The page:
This is Stephen Ambrose's recounting of one of the most epic single days in the 20th century. It presages some of the themes of CitizenSoldiers?, but has a rather different emphasis. DDay seems to be a combination of a scholarly tome and a popular narration: Ambrose includes discussions of canonical historical positions which he disagrees with, though not with as much depth as I would prefer. However, the narrative structure of the book and the tone make it clear that it is not primarily intended for an academic audience.

The two points I remember most vividly were the question of German vs. Allied fighting prowess, and the command decisions of Rommel, Rundstedt, and Hitler. I will tackle the first first. It is generally believed, according to Ambrose and to other historical accounts I have read, that the Germans were simply better fighters than everyone else in the war. Obviously, this statement has to be taken carefully: by the end of the war, the German armed forces were tattered remnants of their former selves, butchered by four years of war against the tremendous might of the U.S. and U.S.S.R. However, the argument goes, that over the course of the war, the Germans gave a better account of themselves than the troops of any of the other nations fighting in it.

Ambrose argues that this effect occurred because the Germans were primarily fighting on the defensive, not because their organization, tactics, training, or their innate capability as fighters. I am not sure I am convinced by this argument, both because of the outstanding offensive success of the Germans in 1940 and 1941, often against better equipment and larger numbers, and their performance in WWI, where the Germans nearly defeated an alliance of almost every other great power in the world against them: Russia was thrown into revolution and forced to peace terms, Britain and France were exhausted, and probably only the promise of the enormous resources of the U.S. caused the breakdown which ended the war.

However, the U.S. army had several factors which served to make it more effective: the Selective Service was actually selective, picking the most physically and mentally capable men in the correct age bracket; the U.S. probably had the best educated army in the war (more educated soldiers make better soldiers, and I've never heard a good explanation provided for this); the U.S. army was more technically competent than anyone, particularly servicing and repairing the all-important wheeled and traced vehicles; and the U.S. army had undergone an extensive training program, while most other troops (particularly after the start of the war) were more or less thrown into combat with a minimum of preparation.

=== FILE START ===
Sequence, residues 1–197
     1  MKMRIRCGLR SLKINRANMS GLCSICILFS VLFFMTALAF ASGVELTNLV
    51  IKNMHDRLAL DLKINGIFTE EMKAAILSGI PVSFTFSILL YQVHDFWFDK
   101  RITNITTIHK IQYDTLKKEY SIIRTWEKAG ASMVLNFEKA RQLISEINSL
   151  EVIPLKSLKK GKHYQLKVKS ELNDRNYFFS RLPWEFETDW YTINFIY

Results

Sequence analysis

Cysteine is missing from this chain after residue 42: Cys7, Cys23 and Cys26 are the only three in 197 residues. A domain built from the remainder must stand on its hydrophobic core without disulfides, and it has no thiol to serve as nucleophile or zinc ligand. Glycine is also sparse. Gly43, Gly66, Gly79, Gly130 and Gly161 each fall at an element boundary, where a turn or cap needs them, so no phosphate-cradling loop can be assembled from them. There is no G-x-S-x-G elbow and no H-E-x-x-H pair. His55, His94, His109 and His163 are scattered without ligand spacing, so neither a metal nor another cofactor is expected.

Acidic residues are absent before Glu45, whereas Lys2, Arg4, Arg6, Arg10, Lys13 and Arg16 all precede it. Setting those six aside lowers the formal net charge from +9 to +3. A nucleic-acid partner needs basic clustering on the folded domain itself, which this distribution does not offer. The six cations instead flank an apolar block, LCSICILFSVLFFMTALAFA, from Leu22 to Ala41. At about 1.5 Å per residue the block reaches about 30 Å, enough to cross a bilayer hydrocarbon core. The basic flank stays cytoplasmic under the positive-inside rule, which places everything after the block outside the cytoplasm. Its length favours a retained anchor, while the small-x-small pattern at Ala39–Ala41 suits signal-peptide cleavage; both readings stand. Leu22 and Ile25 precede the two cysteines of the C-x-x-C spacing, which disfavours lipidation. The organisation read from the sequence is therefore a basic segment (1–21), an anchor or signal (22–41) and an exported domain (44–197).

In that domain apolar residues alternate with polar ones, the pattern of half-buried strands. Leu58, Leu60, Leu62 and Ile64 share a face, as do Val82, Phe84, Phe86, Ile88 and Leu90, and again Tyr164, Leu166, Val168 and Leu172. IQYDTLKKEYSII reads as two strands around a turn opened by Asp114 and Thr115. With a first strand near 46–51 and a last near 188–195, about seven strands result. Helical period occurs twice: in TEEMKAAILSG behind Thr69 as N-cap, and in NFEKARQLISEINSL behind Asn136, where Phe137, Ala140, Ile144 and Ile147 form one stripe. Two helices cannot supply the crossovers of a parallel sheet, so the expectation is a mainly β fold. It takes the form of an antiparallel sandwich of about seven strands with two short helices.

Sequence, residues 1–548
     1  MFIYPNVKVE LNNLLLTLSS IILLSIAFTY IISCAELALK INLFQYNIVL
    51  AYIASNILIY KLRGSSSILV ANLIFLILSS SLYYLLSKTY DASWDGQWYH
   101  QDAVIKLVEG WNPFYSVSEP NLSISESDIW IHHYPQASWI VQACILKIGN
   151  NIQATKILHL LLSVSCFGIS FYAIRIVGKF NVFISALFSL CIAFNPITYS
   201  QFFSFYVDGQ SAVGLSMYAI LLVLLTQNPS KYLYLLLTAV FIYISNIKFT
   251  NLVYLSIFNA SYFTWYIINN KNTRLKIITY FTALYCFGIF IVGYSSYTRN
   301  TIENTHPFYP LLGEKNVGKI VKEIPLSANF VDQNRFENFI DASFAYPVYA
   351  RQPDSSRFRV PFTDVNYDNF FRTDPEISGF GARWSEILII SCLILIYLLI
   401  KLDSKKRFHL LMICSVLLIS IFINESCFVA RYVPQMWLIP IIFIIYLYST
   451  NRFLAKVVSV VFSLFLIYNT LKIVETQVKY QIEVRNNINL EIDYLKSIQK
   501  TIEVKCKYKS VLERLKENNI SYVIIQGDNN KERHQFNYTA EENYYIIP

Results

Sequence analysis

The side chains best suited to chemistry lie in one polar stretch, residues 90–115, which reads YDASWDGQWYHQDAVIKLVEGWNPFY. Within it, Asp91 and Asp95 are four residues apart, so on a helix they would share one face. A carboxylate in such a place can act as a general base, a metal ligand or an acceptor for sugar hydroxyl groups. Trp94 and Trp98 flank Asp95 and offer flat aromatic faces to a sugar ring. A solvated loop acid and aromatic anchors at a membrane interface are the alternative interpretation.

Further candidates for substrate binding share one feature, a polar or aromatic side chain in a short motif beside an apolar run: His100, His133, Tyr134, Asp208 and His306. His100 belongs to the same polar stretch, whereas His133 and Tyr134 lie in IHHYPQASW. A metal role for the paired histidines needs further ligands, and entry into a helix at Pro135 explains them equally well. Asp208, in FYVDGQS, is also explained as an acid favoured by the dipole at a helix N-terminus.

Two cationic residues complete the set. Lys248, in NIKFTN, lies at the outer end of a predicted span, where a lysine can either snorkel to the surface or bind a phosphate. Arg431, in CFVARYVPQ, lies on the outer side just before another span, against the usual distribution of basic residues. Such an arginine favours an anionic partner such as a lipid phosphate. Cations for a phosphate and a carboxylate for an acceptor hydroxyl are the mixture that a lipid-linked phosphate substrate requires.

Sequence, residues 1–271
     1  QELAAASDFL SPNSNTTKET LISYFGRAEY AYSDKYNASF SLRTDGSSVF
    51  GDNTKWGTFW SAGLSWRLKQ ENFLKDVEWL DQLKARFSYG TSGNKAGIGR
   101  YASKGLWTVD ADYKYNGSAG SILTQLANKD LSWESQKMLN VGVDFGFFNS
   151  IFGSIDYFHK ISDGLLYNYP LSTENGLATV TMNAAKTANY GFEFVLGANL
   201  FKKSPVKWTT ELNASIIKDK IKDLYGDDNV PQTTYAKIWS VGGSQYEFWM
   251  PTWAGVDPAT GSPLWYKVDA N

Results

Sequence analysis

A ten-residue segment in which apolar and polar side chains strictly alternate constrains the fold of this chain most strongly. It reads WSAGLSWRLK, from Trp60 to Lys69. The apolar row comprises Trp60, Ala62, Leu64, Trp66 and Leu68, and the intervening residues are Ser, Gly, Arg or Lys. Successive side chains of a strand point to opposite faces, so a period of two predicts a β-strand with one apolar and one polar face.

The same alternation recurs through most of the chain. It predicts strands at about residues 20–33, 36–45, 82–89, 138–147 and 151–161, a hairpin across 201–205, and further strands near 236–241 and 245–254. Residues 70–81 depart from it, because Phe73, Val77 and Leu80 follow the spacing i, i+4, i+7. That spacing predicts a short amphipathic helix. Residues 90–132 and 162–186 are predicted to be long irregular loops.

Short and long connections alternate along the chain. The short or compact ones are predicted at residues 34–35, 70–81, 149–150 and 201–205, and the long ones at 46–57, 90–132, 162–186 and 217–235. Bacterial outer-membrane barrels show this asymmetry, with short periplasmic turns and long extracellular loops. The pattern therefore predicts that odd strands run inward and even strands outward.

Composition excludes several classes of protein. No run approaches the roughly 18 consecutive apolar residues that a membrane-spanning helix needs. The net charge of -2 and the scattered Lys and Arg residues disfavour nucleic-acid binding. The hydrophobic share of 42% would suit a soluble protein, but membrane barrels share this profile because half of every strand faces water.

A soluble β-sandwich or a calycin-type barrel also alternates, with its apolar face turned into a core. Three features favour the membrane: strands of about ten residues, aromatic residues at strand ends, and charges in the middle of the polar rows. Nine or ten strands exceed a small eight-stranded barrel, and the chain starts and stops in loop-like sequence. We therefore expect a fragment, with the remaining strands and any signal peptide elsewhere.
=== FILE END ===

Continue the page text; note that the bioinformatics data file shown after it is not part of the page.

Altogether, while Ambrose's point is well-taken, I'm not sure he's right. However, I'm not sure the prevailing opinion is right either. The U.S. army at the end of the war was probably the most powerful armed force in the world and vastly superior to the remaining Germans. At the beginning of the war, the Germans were almost certainly the best. If the two forces had met, other factors being equal, I'm not sure who would have won.

Ambrose also contends that, again contrary to the traditional view, Rommel's plan to defend the beaches would not have worked. He cites Rundstedt's analysis, which is that the Allies would not be weakest on the days of the landing, but immediately after, when they started to make their way off the beaches. The problem would be the enormous naval gunfire which could be focused on the beaches and immediately inland. He proposed to use the Panzer divisions later, to wait for the Allies to overextend themselves and then counterattack. Rommel disagreed, and wanted the Panzers for a first-day counterattack to destroy the Allied beachheads. Historically, Hitler split the difference, releasing some of the Panzers to Rommel but keeping the others in a reserve available for his orders.

The result, of course, was that neither strategy was carried out, particularly because most of the senior commanders were otherwise occupied on D-Day, including Hitler. In my opinion, it is questionable whether either strategy would have worked: Rundstedt was correct about the naval gunfire. Once the Allies had radios and spotter planes, anything in range of the coast would have been obliterated, in the same way that they later used land artillery (the U.S. fire-control system was one of their most effective tools in the war). However, the central problem with waiting was that any offensive undertaken had to be done under cloud cover: the total Allied control of the air ensured that divisions which were not dug-in would take such a pounding as to prevent them from assaulting anything succesfully. Rundstedt's strategy then depended critically on the weather. However, Hitler's split-the-difference decision can only be added to the list of truly disastrous mistakes he made during the course of the war.

This doesn't read very much like a review, does it? Well, think of it as a commentary. These pages are really mini-essays on my responses to what I read more than reviews. Take them as you will.


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